Why the Bad Music at Mass?

Why the Bad Music at Mass? February 13, 2015

Fr. Longenecker writes here on why Catholics can’t have good music, and he makes a decent historical argument:

Suddenly we were flooded with new hymns–most of which had banal lyrics, crappy folk music and trite sentiment. The Catholics didn’t sing the old hymns because they didn’t know them. In the meantime they were having lots of awful new songs shoved down their throat and they (quite rightly) didn’t bother singing them because they knew deep down that they were either unsingable or execrable.

. . . Furthermore. I have asked Catholic priests if they ever received any training at seminary in the tradition of hymnology, sacred music, chant or the proper way to choose hymns for liturgy. The answer has almost always been a resounding “No.”

But let’s be clear: That explains why we had bad music last year, last decade, last late-millennium.  What explains why we have bad music today?  We don’t care.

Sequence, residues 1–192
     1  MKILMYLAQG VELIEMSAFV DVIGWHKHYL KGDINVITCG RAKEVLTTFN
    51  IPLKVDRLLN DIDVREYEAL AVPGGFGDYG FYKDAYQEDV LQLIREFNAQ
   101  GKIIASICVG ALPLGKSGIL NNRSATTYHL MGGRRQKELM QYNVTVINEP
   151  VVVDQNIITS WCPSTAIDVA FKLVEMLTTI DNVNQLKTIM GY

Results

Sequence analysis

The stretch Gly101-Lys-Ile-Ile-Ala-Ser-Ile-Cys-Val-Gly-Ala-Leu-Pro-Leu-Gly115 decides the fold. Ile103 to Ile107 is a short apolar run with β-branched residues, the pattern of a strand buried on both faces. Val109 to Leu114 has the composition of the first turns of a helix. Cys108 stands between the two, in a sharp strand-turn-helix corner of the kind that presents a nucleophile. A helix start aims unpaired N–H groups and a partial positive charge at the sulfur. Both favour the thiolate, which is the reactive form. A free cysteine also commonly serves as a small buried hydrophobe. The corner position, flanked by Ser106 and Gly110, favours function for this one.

I don’t me we the people sitting in the pews because we are required by canon law to attend Mass on Sundays, so Sunday we will be there.  I mean we the people who own the responsibility for the liturgy, and really just don’t give a crap if the music is deplorable.

That’s why.

Not everybody everywhere can have high church and amazing complex world-class choral compositions.  So be it.  Everybody everywhere can have simple, decent music at Mass.  That’s the human condition: People sing.  People are made, by God, to sing, the Bible tells us so.  Original sin do what it will, an awful lot of people are capable of singing well enough.

Singing bad songs, or singing good songs badly, is not the only choice.

If there is bad music at your parish, and it goes on for more than six months, it is because someone has made the decision for there to be bad music.

That is why.

We can’t have nice things if we refuse to have nice things.


File:Solar flare (TRACE).gif
This is my brain thinking about Church music.

Photo: Solar Flare, by NASA [Public domain], via Wikimedia Commons

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